Wednesday, July 7, 2010

A closeup of 2 of my quilts at the Employee Quilt Show - Cyanotypes!

At the UNL Employee Quilt Show I had 3 quilts. One I talked about a little last time, and that was Ethan’s Diploma.

The other 2 were quilts I had made using a Cyanotype processing to print the fabrics.

I want to explain a little about the quilts first, and why they were made, so will reprint the story that hung beside them at the Employee Quilt Show.

First is Butterfly Prayers, a quilt made for a dear, dear friend.
Style Pieced cyanotype prints & cottons
Pattern Self designed
Credits Thanks to every member of Fellowship Baptist Church for writing out their prayers for this dear lady.
Size 41" X 41"

Butterfly Prayers was created for a woman I consider one of my closest friends and adopted mother. She is a widowed Pastor’s wife, a faithful servant of the Lord whose aged body is now limiting not only the service she desires to perform, but her very abilities to function in her home from day to day. Some days her body limits her ability to leave her bed, yet her spirit soars across the miles each time church services meet, and we feel her presence while missing her smiling face.

When considering making her this quilt, I wanted to remind her it was not only ME praying for her, but the entire church family. They all willing and lovingly wrote out their prayers for this dear lady who has been a testimony and blessing to us all. From the Pastor, Officers and Teachers, down to a 3 year old child who only put one hump on the M of her name, but daily, without prompting, she remembers to pray - they all wanted to be involved and show their love for this sweet, dear lady. I photographed my granddaughter Lily praying and imposed that pic onto 2 of the butterflies.

Once everyone had written out their prayers, I cut them into the shape of butterfly wings and had negative "films" made. Then the butterflies were scattered over a specially treated fabric and exposed to the sun to create the print. The quilting was done using flowers and butterflies as the stitching.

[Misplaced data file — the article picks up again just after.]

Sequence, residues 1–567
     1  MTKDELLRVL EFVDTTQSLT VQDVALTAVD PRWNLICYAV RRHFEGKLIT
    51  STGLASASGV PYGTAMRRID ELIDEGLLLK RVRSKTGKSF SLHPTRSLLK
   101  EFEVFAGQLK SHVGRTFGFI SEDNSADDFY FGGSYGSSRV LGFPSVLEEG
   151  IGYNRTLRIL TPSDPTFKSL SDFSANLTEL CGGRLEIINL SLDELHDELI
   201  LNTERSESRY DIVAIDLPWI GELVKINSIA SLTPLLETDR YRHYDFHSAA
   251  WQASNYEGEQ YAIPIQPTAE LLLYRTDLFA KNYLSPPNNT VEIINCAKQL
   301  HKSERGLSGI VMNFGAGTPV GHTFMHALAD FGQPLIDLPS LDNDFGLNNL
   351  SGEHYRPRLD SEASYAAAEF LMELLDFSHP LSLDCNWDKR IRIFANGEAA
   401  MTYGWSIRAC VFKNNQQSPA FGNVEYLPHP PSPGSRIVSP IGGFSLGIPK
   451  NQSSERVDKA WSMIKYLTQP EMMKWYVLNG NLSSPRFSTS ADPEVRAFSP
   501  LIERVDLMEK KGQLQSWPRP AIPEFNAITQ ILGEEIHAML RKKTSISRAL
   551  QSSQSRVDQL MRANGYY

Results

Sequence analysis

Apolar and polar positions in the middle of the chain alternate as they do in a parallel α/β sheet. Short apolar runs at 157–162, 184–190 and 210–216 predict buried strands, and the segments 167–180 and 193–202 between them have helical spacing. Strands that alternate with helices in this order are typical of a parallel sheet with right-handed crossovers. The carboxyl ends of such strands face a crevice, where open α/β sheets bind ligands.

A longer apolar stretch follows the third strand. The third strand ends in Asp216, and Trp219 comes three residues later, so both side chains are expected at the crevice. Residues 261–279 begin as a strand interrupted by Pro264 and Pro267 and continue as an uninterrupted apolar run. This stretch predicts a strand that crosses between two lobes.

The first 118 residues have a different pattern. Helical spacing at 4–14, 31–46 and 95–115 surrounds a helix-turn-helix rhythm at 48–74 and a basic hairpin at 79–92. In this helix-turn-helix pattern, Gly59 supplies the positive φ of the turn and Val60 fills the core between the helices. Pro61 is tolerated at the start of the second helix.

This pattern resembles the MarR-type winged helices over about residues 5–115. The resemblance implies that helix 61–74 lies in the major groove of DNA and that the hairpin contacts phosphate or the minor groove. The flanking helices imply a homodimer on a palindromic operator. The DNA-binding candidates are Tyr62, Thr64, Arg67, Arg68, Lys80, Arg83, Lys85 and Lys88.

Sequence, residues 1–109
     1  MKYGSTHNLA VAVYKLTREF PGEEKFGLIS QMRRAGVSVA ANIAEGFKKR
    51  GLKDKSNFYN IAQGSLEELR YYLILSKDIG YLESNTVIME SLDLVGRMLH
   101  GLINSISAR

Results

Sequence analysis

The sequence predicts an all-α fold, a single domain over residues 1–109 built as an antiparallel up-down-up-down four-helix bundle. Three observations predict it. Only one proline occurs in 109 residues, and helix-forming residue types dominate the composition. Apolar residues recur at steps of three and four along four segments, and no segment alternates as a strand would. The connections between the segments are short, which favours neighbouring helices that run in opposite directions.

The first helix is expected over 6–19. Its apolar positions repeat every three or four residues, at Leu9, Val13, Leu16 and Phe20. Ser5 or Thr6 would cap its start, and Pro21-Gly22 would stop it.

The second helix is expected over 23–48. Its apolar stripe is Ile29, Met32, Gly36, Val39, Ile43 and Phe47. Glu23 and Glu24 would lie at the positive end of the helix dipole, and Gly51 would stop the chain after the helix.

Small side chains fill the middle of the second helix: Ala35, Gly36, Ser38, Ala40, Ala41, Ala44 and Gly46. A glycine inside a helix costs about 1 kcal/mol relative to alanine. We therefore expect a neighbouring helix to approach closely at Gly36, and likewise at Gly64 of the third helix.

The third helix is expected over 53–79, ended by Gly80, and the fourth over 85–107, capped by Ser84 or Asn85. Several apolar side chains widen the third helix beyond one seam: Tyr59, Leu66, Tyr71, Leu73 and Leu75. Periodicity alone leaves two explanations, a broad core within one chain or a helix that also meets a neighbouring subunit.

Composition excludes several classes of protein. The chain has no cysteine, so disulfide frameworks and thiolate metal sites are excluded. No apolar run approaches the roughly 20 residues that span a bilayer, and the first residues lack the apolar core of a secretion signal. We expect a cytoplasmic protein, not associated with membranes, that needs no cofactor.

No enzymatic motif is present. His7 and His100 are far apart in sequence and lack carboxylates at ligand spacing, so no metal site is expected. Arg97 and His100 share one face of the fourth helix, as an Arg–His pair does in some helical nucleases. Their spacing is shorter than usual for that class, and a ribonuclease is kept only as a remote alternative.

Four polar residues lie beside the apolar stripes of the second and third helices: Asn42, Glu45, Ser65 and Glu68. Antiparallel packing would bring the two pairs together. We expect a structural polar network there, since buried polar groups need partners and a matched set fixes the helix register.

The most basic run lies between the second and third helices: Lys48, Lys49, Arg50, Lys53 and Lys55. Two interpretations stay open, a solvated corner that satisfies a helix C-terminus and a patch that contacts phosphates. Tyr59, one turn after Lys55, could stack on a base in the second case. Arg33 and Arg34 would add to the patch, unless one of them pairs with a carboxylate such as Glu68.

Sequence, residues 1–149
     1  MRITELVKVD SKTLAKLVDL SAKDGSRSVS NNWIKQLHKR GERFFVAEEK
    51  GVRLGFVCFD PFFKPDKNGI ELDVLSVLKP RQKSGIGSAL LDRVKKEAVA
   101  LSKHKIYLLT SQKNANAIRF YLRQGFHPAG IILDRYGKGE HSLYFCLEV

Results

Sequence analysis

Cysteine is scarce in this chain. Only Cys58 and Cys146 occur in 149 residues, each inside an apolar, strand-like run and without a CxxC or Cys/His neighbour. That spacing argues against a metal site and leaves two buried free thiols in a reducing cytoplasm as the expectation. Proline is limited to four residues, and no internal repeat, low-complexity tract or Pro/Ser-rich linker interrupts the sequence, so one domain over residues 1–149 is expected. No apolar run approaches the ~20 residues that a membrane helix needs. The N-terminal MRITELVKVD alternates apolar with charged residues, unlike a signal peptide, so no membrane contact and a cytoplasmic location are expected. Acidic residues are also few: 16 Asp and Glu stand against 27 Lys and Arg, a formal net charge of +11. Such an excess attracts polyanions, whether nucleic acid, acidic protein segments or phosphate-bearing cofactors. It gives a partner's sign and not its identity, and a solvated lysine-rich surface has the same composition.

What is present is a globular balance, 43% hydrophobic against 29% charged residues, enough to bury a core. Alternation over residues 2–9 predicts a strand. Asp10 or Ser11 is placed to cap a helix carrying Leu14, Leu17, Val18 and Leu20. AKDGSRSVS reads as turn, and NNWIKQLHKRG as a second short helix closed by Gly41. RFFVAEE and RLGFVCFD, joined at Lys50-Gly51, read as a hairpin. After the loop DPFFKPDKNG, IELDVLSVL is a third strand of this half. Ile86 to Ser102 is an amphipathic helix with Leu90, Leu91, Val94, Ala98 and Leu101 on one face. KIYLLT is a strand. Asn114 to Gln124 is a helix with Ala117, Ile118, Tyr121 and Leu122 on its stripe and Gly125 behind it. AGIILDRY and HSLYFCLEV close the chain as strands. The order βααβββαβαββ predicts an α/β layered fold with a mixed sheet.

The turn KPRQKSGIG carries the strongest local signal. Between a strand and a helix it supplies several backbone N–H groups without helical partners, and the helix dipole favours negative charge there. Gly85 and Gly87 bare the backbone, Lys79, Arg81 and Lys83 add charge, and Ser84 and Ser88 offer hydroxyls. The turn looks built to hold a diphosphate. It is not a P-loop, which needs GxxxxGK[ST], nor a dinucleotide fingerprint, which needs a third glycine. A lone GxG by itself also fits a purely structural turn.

I think this is the favorite quilt that I have ever made.
This is my granddaughter, Lily, praying.See the 3 year old's signature with the one hump on her M?  That is my grandaughter, Emelia.

See how I reshaped the written prayers to fit the wings?

This poem explained my thought processes in making the quilt.  I had written this poem for my first version of the quilt (not a cyanotype), which was made for another dear friend.

The second quilt I made using the Cyanotype process is Decade of Love.
Style Pieced cottons
Pattern Inspired by Maple Islands BQ
Credits My daughter, Diana of Peters Photography, took the photos of the children. Machine quilting by Trudy Rhoads.
Size 42"W X 40"H

Decade of Love is a celebration of my daughter and her husband’s life together. While there have been many milestones in their lives – the quilt shows six special highlights – their children, who are the most blessed events in their married life. The children are the events which will touch and possibly change the world around us – as they have touched and changed me and mine. They are the events we will remember the longest, with the most emotion.

The quilt was created to tell my daughter and my son (I don’t think of him as my in-law, just as my son) how much I love the two of them, and thank the Lord daily for the help they are to me and my husband, and how we consider them our very best friends. Also, to praise them for how they are raising our grandchildren, to be responsible and caring persons.
Jaysen was 9 at the time the pic was taken,

Avianna was 8,
Isabel was 7, and is wearing MY grandmother's pill box hat with dotted netting over her face,
Lillian was 5,
Emelia was 3,
and Damon was 2.

Their beautiful faces made it a really hard decision how to quilt it – I didn’t want thread all over their faces (peanut butter and jelly or pizza sauce is more the norm!). I decided on a simple stitch along all the seams.

I will blog more later about plans I have for a Cyanotype class I will be teaching, and the patterns I have designed for the class.